LAOS: the future is bright, for those who see it (Part II)
The main purpose of having two parts in blogging this trip is because I couldn’t decide which photos to include in the first post. There are just too damn many good ones. But, really I wanted to go more into the culture of the country and the future of the county—an important topic at this time in history.
Notwithstanding long and rich cultural heritage, the country’s more recent history centers on a pivotal moment when Communism entered the county in 1930. This changed many things for this country. Much of that change came in the form of, well, not changing. Being largely closed off to the rest of the world economically and culturally, most of Laos remains undeveloped, with the majority of the population living in simple wooden huts with no water or sanitation; and even some of the most remote villages don’t have schools.
While still a communist country today, Laos is opening up economically in the last decade and plans to officially open it’s economic borders by joining ASEAN (Association of South East Asian Nations). This change will officially take place in 2015 and has massive implications for all of Laos. As I mentioned briefly in my previous post, the wealth gap in Laos is dramatic. And the biggest part of that gap is in education and skills. The poor working class of Laos (population 6.6 million) fall significantly behind their Vietnam and Thailand neighbors when it comes to skilled labor and work ethic. This hasn’t posed a threat until the opening of the borders, when any Thai or Vietnamese worker can move to Laos indefinitely for work (currently it is very difficult to secure a work visa for neighbor citizens).
At the same time, Laos is a country rich in natural resources. “…The rapid growth of the natural resources sectors has transformed Laos’ economic landscape” (World Bank, 2011). Currently many of these resources have been granted to foreign countries both in Asia and the Western world (such as an Australian company mining gold and many countries in the logging and electricity industries). Once the economic borders open, this will make Laos vulnerable to exploitation (as we’ve seen in developing countries before). “In their rush to capitalize on the rising demand and prices, a number of Southeast Asian governments made dubious choices between exploiting their resources and the needs of environmentally sustainable development. Short-term thinking in resource-rich developing countries has created long-term damage to the environment, the sustainability of their resources, and the human security of some of their poorest citizens who depend on traditional access to forests, fisheries, and agricultural land for their food and livelihoods.” (source). Laos does not have the infrastructure or human resources to smoothly move into the 21st century economic landscape, and with few advocates on their side, I fear that the country will soon be lost to the highest bidder.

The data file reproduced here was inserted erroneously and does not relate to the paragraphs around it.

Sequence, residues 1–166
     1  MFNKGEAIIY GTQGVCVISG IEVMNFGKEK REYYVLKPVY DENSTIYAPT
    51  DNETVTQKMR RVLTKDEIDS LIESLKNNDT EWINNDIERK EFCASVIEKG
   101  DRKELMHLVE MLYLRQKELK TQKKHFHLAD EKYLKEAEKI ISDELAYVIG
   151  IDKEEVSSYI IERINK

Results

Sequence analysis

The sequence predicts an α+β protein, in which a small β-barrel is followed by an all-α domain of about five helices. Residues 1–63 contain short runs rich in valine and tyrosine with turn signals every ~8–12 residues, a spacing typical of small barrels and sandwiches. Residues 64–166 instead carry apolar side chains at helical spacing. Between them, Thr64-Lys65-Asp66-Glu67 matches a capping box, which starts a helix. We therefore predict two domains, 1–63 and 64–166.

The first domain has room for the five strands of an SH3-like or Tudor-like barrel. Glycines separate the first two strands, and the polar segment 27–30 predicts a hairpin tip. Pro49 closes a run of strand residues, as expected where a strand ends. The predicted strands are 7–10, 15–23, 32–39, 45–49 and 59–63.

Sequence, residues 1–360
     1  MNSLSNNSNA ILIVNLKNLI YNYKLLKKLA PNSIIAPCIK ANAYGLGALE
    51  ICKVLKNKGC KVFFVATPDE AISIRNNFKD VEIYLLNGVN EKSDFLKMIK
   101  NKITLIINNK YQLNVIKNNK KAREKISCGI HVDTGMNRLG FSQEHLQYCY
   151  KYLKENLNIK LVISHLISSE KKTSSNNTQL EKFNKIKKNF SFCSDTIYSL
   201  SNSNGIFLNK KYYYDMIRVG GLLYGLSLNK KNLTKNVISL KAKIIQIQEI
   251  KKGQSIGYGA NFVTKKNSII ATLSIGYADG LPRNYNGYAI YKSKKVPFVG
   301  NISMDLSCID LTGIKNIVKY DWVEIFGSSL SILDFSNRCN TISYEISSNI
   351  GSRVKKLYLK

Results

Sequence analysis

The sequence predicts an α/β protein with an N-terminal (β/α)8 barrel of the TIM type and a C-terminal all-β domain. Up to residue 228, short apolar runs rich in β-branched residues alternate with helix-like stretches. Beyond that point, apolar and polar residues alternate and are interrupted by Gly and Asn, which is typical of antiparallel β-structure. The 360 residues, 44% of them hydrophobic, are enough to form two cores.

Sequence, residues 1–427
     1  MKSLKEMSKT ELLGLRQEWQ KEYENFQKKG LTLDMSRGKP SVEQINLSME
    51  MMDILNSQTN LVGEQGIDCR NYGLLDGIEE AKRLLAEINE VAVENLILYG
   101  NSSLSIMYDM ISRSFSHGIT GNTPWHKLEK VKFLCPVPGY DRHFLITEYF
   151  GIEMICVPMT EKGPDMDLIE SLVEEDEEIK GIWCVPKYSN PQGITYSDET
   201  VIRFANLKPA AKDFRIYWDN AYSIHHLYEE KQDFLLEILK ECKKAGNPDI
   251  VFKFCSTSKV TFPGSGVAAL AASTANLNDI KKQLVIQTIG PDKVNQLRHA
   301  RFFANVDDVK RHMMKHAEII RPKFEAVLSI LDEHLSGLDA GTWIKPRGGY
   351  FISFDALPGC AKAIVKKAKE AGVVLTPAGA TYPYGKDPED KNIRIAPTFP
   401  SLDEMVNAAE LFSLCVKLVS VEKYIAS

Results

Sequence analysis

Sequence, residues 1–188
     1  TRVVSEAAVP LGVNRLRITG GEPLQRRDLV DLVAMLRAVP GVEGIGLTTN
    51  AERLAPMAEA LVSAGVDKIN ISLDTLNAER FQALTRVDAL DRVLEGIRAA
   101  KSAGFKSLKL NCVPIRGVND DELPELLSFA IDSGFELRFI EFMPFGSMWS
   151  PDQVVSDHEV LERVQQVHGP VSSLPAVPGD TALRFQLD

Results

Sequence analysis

But there is one critical key to potentially steering this country safely from this seemingly inevitable fate: the Lao diaspora.
During the political upheaval of the 1970s, many Lao fled the country seeking refuge in Western countries. As a result, there are significant Lao communities in America, Australia and Canada. By this time many are first generation immigrants who know only of their homeland in stories from their parents and grandparents. But, many of those stories are not positive. Because many Lao refugees sought refuge from political oppression, their memories are fraught with fear and abandonment. Some have no desire to return at all. And yet, this is exactly what Laos needs—it’s people to return home.
This next generation of skilled Lao throughout the world are the bright future of this fledgeling country with so much potential and wealth to offer. Having grown up in both cultures, these young people can play a critical role in transitioning Laos into world economy. They bring the critical skills needed to build the infrastructure and human resources this country desperately needs.
Laos needs leaders.
People who can stand up for their country while also standing with it in ethical practices, narrowing the wealth gap, the education gap and the cultural gap. They need people like Amy Chanthaphavong, who recently left her home in California, took a job in Laos’ capitol of Vientiene and is working tirelessly to advocate for the future of her homeland.
Laos needs more leaders like Amy, and those of us who are less likely to move to Laos to make a difference, we should be supporting people like Amy who understand the culture and can speak the language, literally and culturally.
(Amy has a film coming out later this year that tells the stories of inspiring social entrepreneurs already on the ground working for a greater future in Laos. Look for that later this year by following her website. Oh, and I’m the director on the film project!)